1793 Flowing Hair is worth it, despite errors
- Published: Dec 17, 2015, 4 AM
Below is the first of three posts from our own Steve Roach on rare coins that spike collector's interest despite their problems:
Indian Head $5 half eagles led Heritage’s Dec. 3 to 6 auctions held in conjunction with the Houston Money Show. The top lot of the sale was Leon Hendrickson’s 1915-S Indian Head $5 half eagle graded Mint State 64 by Professional Coin Grading Service with a green Certified Acceptance Corp. sticker that brought $94,000. The total for the auction exceeded $8 million and it’s Heritage’s last major coin auction of 2015, as the firm preps for its massive Florida United Numismatists auction in January 2016.
Here are three coins with some problems that sold, each with its unique charms.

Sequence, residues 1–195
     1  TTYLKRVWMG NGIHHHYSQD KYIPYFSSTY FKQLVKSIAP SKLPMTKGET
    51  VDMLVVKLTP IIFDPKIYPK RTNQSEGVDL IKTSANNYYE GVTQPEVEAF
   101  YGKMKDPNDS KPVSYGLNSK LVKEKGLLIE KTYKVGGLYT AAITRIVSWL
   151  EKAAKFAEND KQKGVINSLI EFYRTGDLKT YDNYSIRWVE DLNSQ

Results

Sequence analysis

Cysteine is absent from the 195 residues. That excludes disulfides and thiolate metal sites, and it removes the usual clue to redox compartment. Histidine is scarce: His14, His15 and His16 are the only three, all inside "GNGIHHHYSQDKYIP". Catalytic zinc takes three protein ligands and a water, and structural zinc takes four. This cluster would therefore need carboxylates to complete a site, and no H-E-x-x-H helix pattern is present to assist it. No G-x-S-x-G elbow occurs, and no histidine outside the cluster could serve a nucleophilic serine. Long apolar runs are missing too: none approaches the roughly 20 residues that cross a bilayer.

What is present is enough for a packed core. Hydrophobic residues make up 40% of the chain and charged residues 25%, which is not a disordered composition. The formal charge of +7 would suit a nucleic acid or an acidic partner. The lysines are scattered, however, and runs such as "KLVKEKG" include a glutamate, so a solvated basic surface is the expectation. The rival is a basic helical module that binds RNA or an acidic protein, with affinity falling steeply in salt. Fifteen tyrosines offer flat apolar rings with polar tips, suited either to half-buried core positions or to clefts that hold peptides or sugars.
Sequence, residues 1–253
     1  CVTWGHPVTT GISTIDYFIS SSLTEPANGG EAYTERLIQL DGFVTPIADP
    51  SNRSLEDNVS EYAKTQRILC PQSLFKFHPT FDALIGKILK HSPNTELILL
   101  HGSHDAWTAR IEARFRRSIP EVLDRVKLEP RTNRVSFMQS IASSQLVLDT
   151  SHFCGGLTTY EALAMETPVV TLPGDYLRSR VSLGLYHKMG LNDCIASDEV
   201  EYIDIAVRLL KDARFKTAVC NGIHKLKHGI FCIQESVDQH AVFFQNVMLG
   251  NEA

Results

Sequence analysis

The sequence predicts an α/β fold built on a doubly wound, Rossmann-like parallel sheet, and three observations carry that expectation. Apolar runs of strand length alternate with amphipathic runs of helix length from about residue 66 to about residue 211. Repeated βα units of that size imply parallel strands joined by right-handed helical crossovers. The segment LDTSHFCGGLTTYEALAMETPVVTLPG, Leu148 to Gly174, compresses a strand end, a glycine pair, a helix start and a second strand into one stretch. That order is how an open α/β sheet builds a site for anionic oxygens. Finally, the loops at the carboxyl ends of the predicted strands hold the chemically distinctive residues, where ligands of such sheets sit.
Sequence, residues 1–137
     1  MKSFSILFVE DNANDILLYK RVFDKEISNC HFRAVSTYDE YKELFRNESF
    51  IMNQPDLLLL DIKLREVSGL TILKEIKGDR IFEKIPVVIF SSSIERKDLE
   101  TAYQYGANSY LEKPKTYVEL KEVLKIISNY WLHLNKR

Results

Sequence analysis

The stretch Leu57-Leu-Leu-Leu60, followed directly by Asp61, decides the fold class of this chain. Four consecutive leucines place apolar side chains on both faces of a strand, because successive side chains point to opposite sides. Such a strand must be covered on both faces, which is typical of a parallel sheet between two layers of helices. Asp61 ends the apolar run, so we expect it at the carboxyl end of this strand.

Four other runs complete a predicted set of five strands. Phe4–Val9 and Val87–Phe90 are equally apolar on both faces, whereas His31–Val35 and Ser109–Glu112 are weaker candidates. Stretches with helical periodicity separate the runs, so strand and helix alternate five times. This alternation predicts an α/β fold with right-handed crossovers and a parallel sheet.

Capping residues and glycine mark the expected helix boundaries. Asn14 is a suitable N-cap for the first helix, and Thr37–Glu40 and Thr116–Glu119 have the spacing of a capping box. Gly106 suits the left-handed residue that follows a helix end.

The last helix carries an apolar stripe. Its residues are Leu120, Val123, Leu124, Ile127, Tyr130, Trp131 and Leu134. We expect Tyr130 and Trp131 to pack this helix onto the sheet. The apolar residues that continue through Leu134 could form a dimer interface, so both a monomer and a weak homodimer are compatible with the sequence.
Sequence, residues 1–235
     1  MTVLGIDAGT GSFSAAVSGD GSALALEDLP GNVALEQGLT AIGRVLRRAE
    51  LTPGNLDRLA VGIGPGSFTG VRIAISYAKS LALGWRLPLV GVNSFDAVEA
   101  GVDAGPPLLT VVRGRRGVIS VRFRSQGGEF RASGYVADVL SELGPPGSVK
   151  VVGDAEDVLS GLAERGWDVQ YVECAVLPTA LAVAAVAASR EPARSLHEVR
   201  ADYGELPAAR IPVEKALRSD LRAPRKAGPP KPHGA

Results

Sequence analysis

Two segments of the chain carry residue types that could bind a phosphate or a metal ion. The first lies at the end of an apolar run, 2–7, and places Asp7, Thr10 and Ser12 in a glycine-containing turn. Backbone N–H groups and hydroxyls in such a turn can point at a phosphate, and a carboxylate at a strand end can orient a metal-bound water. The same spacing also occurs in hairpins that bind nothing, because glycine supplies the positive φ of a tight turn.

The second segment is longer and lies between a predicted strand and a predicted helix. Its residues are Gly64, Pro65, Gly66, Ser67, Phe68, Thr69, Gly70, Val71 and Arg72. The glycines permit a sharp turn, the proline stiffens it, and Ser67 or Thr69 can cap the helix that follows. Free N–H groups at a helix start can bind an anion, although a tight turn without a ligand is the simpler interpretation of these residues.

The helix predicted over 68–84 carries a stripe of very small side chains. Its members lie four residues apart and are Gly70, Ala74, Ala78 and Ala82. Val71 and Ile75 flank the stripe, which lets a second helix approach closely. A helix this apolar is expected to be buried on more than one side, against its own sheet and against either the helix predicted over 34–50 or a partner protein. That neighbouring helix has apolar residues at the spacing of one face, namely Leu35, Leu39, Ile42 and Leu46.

1793 Flowing Hair, Wreath, Vine and Bars Edge cent, AU Details, Holed and Plugged
The 1793 Flowing Hair, Wreath cent is an essential coin for type set collectors, representing one of three major types of cents struck in the first year that the Philadelphia Mint widely produced coins for circulation. Examples of Wreath cents in all grades are expensive, with entry-level representatives with corrosion and heavy wear approaching $1,000, and top examples soaring well into the six-figure price level.
The example offered at Heritage’s December Houston Money Show auction is graded About Uncirculated Details by PCGS, but has been holed, plugged and re-engraved near the BE in LIBERTY relative to the obverse. Outside of the decently executed repair, it’s a handsome coin with strong details and pleasing walnut brown surfaces. The problematic early large cent sold for $9,400.
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